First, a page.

from The Century Dictionary.

  • Wanting; deficient; absent; missing: not used attributively.

from the GNU version of the Collaborative International Dictionary of English.

  • adjective Prov. Scot. & Eng. Missing; wanting.

from Wiktionary, Creative Commons Attribution/Share-Alike License.

  • adjective missing; wanting, deficient, absent


from Wiktionary, Creative Commons Attribution/Share-Alike License

a- + wanting


  • But Middlemas resolved not to be awanting to himself.

    The Surgeon's Daughter

  • She set off to Edinburgh to get what was awanting for his outfit, and shortly afterwards received melancholy news from the Highlands.


  • β€œAnd mine also was not awanting,” said Oliver Proudfute,

    The Fair Maid of Perth

  • A second knock brought no reply from within the house; but caused a woman over the way to look out and inquire who that was, awanting Mrs

    The Old Curiosity Shop

  • Yet the usual signs of approach to an enormous city were awanting β€” dwarfed trees, market-gardens, cockney arbours, in which citizens smoke their pipes in the evening, and imagine themselves in Arcadia, rows of small houses, and a murky canopy of smoke.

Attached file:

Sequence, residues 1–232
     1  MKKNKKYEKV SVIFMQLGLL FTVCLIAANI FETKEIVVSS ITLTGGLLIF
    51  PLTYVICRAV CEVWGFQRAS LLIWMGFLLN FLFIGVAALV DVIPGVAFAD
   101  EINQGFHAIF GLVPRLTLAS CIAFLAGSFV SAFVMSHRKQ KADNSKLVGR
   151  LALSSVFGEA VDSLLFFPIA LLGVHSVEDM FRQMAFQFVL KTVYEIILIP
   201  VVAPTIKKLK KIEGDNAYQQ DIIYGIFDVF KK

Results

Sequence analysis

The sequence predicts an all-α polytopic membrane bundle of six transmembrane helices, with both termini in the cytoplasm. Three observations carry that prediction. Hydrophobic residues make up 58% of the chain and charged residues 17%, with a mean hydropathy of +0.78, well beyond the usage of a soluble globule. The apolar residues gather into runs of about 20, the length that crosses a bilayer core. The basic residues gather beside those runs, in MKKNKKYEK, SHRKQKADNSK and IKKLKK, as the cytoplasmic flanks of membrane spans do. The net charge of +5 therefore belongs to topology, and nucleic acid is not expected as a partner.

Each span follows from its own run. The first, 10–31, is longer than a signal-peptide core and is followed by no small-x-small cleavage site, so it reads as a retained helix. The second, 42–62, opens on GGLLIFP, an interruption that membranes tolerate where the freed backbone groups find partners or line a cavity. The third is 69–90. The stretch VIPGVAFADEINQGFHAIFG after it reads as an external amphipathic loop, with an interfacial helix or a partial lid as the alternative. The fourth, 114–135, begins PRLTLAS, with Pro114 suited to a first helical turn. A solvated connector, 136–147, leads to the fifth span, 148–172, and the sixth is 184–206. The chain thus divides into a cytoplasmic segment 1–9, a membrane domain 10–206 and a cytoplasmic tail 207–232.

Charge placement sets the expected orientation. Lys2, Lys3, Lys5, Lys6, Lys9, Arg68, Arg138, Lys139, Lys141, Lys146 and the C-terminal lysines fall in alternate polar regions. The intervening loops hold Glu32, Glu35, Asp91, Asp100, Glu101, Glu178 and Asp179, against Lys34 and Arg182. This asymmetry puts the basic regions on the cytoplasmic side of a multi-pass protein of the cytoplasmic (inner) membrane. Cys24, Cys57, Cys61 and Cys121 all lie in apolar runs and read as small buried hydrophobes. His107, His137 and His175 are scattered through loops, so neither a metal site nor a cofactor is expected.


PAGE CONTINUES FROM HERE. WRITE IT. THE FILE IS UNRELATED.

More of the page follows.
The Englishwoman in America

  • Jesters and jugglers were not awanting, nor was the occasion of the assembly supposed to render the exercise of their profession indecorous or improper.


  • In proof of this important fact we have seen, that when this object is successfully gained, all the previous steps have been homologated and confirmed; whereas, whenever this crowning operation is awanting, all the preceding labour of the pupil becomes useless and vain, his knowledge gradually melts from the memory, and is ultimately lost.

    A Practical Enquiry into the Philosophy of Education

  • The cause and the effect invariably follow each other both in old and young; for whenever a new idea is perceived and reiterated by the pupil, -- if it should be but once, -- the knowledge of the child is to that extent increased; but whenever this act of the mind is awanting, there can be no additional information received; -- the increase of knowledge is found to be impossible.

    A Practical Enquiry into the Philosophy of Education

  • And yet -- and yet -- in that sorrow-free existence that he promised, might there not still be something awanting to one who had once known tears?

    A Book of Myths

  • If this object can be successfully attained, then the proper means for the intellectual improvement of the child are secured; but as long as it is awanting, his mental cultivation is either left to chance, or to the capricious decision of his own will; -- for experience shews, that although a child may be compelled to read, or to repeat the

    A Practical Enquiry into the Philosophy of Education


Log in or sign up to get involved in the conversation. It's quick and easy.